• Albert Camus, the famous French existentialist, was said to have become a Christian, but died in a car accident before he could make a public profession. Considering what happened to the sanctified super stars in the 70’s, dying before the Christian media machine grinds you up is probably a good thing. I have no doubt that Lennon was on the road, especially the more I struggle with traditional theism.

  9. Hey, it’s only a “bye week” in the dysfunctional and ridiculous “Bowl Championship” version of college football. There is real smash mouth football being played by college teams all over the country in real play offs to determine real champions!

  10. I have great sympathies for the homeschooling Christians I’ve met as there are compelling reasons for parents to undertake the education of their children. However, good intentions do not always guarantee good results.

    I find that at least a good portion of the homeschool crowd is affected by the “Mega-Evangelical” movement which comes across as almost sterile in its organization of knowledge, lacking humanity and depth (so heavenly mind that they are no earthly good). At the same time, state-run education has to be, by its secular nature, non-religious and non-sectarian and present all knowledge from a purely naturalist (or even atheist) perspective.

    I believe that in places like Germany, a secular, non-religious view of the world is considered standard and to educate children from any theistic perspective may actually be considered a type of brain-washing. While in undergrad college, I actually encountered this view from numerous professors and counselors.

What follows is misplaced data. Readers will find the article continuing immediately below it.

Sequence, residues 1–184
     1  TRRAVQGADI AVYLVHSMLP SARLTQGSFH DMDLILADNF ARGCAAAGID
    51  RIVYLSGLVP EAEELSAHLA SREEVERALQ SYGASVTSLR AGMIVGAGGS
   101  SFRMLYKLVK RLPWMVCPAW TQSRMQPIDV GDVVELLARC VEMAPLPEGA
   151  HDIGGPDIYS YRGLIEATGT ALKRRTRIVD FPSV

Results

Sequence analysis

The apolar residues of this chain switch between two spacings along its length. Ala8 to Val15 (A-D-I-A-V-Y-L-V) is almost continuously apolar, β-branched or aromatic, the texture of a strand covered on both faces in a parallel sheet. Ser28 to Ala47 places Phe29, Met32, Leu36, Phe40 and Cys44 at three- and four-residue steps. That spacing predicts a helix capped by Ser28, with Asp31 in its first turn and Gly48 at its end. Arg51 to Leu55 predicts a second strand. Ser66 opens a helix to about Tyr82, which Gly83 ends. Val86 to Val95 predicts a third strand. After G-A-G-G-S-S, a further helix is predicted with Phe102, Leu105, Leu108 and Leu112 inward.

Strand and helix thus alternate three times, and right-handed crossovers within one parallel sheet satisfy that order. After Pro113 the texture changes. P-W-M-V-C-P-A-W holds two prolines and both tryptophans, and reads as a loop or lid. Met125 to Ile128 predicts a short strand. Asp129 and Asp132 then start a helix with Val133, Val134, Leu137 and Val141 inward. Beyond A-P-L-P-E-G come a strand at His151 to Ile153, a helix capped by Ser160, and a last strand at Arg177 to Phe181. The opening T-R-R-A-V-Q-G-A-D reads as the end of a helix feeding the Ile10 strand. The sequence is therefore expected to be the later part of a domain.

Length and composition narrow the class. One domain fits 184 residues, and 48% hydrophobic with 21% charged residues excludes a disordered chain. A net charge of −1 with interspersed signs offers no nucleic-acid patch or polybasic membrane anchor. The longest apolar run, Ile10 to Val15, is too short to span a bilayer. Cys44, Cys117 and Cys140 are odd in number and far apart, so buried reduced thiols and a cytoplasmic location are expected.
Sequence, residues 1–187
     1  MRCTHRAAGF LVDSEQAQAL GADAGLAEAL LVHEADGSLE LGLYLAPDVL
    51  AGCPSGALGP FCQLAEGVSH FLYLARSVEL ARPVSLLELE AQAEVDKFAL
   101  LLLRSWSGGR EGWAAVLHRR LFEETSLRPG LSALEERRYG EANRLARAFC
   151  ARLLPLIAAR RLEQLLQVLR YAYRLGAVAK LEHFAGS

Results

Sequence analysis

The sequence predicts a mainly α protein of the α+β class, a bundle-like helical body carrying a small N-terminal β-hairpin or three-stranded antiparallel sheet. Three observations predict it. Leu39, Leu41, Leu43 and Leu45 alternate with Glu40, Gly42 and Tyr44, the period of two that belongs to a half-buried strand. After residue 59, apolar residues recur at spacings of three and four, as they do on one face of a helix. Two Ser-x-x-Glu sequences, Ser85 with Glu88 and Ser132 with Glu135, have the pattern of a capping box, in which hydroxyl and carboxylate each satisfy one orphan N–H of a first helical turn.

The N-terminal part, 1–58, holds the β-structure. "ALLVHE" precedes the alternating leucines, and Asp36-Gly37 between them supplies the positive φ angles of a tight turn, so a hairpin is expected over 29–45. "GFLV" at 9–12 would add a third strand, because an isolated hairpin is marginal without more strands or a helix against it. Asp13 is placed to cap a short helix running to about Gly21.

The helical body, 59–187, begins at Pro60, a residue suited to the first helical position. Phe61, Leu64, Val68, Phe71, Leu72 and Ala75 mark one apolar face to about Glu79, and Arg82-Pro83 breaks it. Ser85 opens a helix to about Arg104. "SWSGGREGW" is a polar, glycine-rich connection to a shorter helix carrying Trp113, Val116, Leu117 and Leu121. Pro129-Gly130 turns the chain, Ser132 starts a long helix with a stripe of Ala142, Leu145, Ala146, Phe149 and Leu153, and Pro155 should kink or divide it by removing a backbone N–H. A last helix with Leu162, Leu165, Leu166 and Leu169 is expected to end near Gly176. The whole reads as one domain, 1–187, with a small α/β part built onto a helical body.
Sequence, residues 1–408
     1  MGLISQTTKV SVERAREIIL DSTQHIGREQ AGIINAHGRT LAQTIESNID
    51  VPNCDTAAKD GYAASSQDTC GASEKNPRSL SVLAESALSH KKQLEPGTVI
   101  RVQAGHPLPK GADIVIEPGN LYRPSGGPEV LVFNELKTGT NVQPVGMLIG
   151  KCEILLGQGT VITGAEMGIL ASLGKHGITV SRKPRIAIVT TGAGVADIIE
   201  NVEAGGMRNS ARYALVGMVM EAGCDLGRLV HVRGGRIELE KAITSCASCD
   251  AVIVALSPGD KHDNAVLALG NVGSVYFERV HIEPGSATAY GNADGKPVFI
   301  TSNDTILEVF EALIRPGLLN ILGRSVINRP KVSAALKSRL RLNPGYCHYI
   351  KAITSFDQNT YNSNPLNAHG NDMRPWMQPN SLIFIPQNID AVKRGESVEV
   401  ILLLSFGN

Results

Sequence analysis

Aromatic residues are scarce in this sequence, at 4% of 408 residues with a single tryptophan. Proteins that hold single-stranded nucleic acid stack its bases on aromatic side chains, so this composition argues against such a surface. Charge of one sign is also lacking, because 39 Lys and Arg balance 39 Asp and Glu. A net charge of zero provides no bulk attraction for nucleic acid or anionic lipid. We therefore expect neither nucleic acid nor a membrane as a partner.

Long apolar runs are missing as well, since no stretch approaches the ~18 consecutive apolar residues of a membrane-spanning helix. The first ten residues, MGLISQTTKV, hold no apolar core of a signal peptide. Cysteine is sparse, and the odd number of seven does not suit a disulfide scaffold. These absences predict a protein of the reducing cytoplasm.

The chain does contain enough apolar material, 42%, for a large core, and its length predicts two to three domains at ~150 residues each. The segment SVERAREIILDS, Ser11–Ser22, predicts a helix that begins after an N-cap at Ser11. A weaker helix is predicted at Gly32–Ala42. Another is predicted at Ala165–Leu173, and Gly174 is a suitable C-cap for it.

Hopefully sanity will prevail in the U.S. and the classical Christianity which is theistic, humanistic, and intellectual will be able to influence educational ideas among people.

  11. “(And everyone who believes John said “cranberry sauce” at the end of that song, kindly stand on your heads.)”

    I thought it was “I’m very bored.” That’s at least more believable.

    But “I buried Paul” really got us looking for clues, all over the Abbey Road and Sgt Pepper albums. Even Mad magazine got into it with something like,

    Ringo, Paul, George and John
    Played a trick and put us on.
    Dropped hints that Paul was dead as nails
    And rocketed their record sales.

  12. I thought the new Narnia was the best of the franchise so far. Since Hollywood seems to have zero interest in George MacDonald books, I suppose the little nods from Lewis is as much as we get.

    So this may not be a great movie, but you could do much worse for family entertainment.

    As for Neeson’s comment, if he wants to display his ignorance of the source material, that’s his problem.

  13. Unfortunate the tree was vandalized. I don’t understand the vandalizing of religious items, even though I don’t believe in most of them.

    My friend, Reverend Shawn, at Grace Episcopal near my home has reported that the lovely stained glass window by the baptistry was broken by a vandal. She informed folks by posting the following message on facebook:

    “Remembering we are to love all kinds of people. Even those who throw a brick through a stained glass window in the baptistry. We are the 3rd church that has been hit in two weeks.”

  14. Home schooling is not always about a religious view point, or anti-public schools, or getting a better education. We home schooled for 3 simple reasons: 1) we did not want our children in ANY school, private or public, during their junior high years (6-9,) 2) our daughter had some learning disabilities that home schooling allowed us to work around, and 3) we wanted to know their hearts. We home schooled our son 6-9 grade and our daughter, 3rd – 9th grade. Best thing for all of us. They are best friends to this day, and they are post-college and college.
    Are their home schooling nuts out there…oh yes, we know some of them. Back then and to this day, if any of us mention being home schooled, people were/are usually shocked…’cuz we don’t fit the typical home schooling family.
    Loved the silent monks….